Asia's wealthy reveal doubts about financial advisers

Added 25th August 2017

High net worth individuals in Hong Kong and Singapore are much more aware of the human-related risks associated with wealth advisers compared to their global counterparts, according to a survey conducted by Factset and Scorpio Partnership.

Asia's wealthy reveal doubts about financial advisers

When asked in the survey of their view on the statement: "The information I receive may not be fully accurate" when working with a relationship manager, high net worth indviduals (HNWIs) in Hong Kong and Singapore considered this a bigger risk than their global counterparts.

Relationship managers are experienced investment advisers generally working for the major private banks.

According to the survey of 1,000 international HNWIs by Factset and Scorpio Partnership, when asked about the greatest risk in working with a human adviser, Asian respondents identified more with the statement: "My preferences are subject to interpretation by my relationship manager".

 

 Source: Factset, Scorpio Partnership

 

Another outlying issue was the perceived risk of working with relationship managers. Only 5% of investors in Hong Kong and 7% in the Lion City believe that working with a human adviser is risk-free.

“These clients would probably require greater visibility into systems that are used to support their relationships with the adviser,” said Annie Catchpole, director at Scorpio Partnership, in a webcast about the survey.

She added that Hong Kong and Singaporean HNWIs may need less convincing than their global counterparts about the benefits of digital integration in wealth management.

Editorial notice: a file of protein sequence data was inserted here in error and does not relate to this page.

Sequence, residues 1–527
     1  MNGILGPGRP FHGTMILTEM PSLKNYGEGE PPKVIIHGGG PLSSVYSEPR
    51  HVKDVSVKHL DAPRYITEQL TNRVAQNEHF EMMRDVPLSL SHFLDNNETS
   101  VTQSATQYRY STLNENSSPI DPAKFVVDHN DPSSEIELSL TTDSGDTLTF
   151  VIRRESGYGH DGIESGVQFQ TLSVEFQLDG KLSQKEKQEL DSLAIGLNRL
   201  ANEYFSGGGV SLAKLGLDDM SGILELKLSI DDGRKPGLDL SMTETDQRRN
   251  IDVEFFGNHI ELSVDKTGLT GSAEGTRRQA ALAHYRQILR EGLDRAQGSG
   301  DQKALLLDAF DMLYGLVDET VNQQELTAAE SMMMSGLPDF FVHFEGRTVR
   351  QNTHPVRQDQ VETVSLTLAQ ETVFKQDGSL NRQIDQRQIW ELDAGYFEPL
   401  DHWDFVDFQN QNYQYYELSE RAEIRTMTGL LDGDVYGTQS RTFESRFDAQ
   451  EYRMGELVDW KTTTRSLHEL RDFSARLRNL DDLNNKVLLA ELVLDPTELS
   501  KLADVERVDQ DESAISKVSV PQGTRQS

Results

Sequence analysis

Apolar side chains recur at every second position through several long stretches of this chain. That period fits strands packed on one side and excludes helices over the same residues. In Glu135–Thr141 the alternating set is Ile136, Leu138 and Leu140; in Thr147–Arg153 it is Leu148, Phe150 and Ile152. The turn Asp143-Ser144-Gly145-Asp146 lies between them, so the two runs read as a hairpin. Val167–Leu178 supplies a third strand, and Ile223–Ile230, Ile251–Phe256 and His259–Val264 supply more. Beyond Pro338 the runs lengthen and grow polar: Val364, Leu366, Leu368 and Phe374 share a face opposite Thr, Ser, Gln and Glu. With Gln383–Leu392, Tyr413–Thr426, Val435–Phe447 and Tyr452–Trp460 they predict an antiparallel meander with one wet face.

“From a client perspective, actually choosing to avoid technology altogether presents a risk to client relationships as humans naturally make mistakes when they are under pressure.”

On the flipside, HNWIs in the US and Canada put the greatest trust in their adviser relationships, with 30-40% saying there are no risks associated with a human personal adviser.

“These clients explained that technology is not intended to replace their advisers. In fact, they positioned technology to be more of a tool to strengthen execution and support their efficiency,” Catchpole said.

Online risks 

Globally, HNWIs are actively using online solutions to engage with their financial advisers. Around 44% of their wealth management activity primarily involves digital tools.

However, HNWIs are still very much aware of the risks associated with online platforms. Among Hong Kong and Singaporean respondents to the survey, only 4-5% believe that there were no risks associated with online wealth management solutions.

 

 Source: Factset, Scorpio Partnership

“Interestingly, Singaporeans expressed the greatest appetite for digital technology, but they are also most cognizant of their failings,” Catchpole noted.

“If advisers and digital solutions are to work together, then robustness is absolutely critical,” she said, adding that wealth managers should demonstrate that their solutions are secure.

The top risks associated with online interactions that Hong Kong and Singaporean HNWIs cited are cyber-attacks and system errors. 

Age differences

Besides the use of technology, Catchpole also highlighted that wealth managers should be aware of how clients from various age brackets have different preferences when interacting with their wealth managers.

“Baby boomers are much more interested in learning more about longer-term investment trends, while millennial clients want to improve their strategic understanding in investing,” she said. 

 Source: Factset, Scorpio Partnership

She also added that millennials favour more interactive learning methods, such as having more visual or graphic depictions within content.

“Younger clients look for tools that allow them to see their holdings more quickly. They want more advanced analytics. Even if they don’t use it, they want that choice, whereas older clients tend to be less demanding,” she said.

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